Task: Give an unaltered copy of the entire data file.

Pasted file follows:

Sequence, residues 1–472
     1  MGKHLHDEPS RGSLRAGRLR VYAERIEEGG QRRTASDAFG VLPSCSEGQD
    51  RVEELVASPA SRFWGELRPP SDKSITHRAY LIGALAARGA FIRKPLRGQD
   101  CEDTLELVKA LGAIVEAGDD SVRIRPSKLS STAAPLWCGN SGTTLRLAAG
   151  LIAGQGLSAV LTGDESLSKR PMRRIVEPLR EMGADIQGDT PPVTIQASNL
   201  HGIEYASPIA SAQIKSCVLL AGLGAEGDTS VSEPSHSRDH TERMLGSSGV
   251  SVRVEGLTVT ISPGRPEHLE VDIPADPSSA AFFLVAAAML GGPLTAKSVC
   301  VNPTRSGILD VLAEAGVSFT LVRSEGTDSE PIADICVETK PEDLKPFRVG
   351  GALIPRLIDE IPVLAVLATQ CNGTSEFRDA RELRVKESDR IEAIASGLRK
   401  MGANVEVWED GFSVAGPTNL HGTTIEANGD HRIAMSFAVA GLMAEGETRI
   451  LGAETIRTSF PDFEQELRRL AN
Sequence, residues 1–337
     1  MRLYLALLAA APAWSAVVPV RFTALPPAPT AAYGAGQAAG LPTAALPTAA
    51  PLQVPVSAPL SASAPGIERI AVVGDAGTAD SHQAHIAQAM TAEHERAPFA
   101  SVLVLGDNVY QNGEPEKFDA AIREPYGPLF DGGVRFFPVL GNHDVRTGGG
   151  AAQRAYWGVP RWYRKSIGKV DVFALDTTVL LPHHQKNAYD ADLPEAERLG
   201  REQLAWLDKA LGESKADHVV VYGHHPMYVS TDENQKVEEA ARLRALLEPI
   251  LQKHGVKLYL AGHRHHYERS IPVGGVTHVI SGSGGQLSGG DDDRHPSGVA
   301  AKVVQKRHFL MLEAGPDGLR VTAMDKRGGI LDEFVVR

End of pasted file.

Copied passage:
Sequence, residues 1–472
     1  MGKHLHDEPS RGSLRAGRLR VYAERIEEGG QRRTASDAFG VLPSCSEGQD
    51  RVEELVASPA SRFWGELRPP SDKSITHRAY LIGALAARGA FIRKPLRGQD
   101  CEDTLELVKA LGAIVEAGDD SVRIRPSKLS STAAPLWCGN SGTTLRLAAG
   151  LIAGQGLSAV LTGDESLSKR PMRRIVEPLR EMGADIQGDT PPVTIQASNL
   201  HGIEYASPIA SAQIKSCVLL AGLGAEGDTS VSEPSHSRDH TERMLGSSGV
   251  SVRVEGLTVT ISPGRPEHLE VDIPADPSSA AFFLVAAAML GGPLTAKSVC
   301  VNPTRSGILD VLAEAGVSFT LVRSEGTDSE PIADICVETK PEDLKPFRVG
   351  GALIPRLIDE IPVLAVLATQ CNGTSEFRDA RELRVKESDR IEAIASGLRK
   401  MGANVEVWED GFSVAGPTNL HGTTIEANGD HRIAMSFAVA GLMAEGETRI
   451  LGAETIRTSF PDFEQELRRL AN
Sequence, residues 1–337
     1  MRLYLALLAA APAWSAVVPV RFTALPPAPT AAYGAGQAAG LPTAALPTAA
    51  PLQVPVSAPL SASAPGIERI AVVGDAGTAD SHQAHIAQAM TAEHERAPFA
   101  SVLVLGDNVY QNGEPEKFDA AIREPYGPLF DGGVRFFPVL GNHDVRTGGG
   151  AAQRAYWGVP RWYRKSIGKV DVFALDTTVL LPHHQKNAYD ADLPEAERLG
   201  REQLAWLDKA LGESKADHVV VYGHHPMYVS TDENQKVEEA ARLRALLEPI
   251  LQKHGVKLYL AGHRHHYERS IPVGGVTHVI SGSGGQLSGG DDDRHPSGVA
   301  AKVVQKRHFL MLEAGPDGLR VTAMDKRGGI LDEFVVR